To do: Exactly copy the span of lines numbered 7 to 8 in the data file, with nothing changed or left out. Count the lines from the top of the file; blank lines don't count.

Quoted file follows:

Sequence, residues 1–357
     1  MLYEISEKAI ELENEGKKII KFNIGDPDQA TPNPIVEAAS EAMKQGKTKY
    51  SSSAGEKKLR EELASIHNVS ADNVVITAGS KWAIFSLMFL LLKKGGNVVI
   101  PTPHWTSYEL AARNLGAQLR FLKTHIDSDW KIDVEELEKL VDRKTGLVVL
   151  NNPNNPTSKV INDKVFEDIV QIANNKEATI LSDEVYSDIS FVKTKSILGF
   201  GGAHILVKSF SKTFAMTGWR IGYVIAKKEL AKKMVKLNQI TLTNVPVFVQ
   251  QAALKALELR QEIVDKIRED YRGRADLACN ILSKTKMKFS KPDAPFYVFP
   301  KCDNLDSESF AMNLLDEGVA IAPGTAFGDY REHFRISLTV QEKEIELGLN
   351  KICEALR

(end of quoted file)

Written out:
   251  QAALKALELR QEIVDKIRED YRGRADLACN ILSKTKMKFS KPDAPFYVFP
   301  KCDNLDSESF AMNLLDEGVA IAPGTAFGDY REHFRISLTV QEKEIELGLN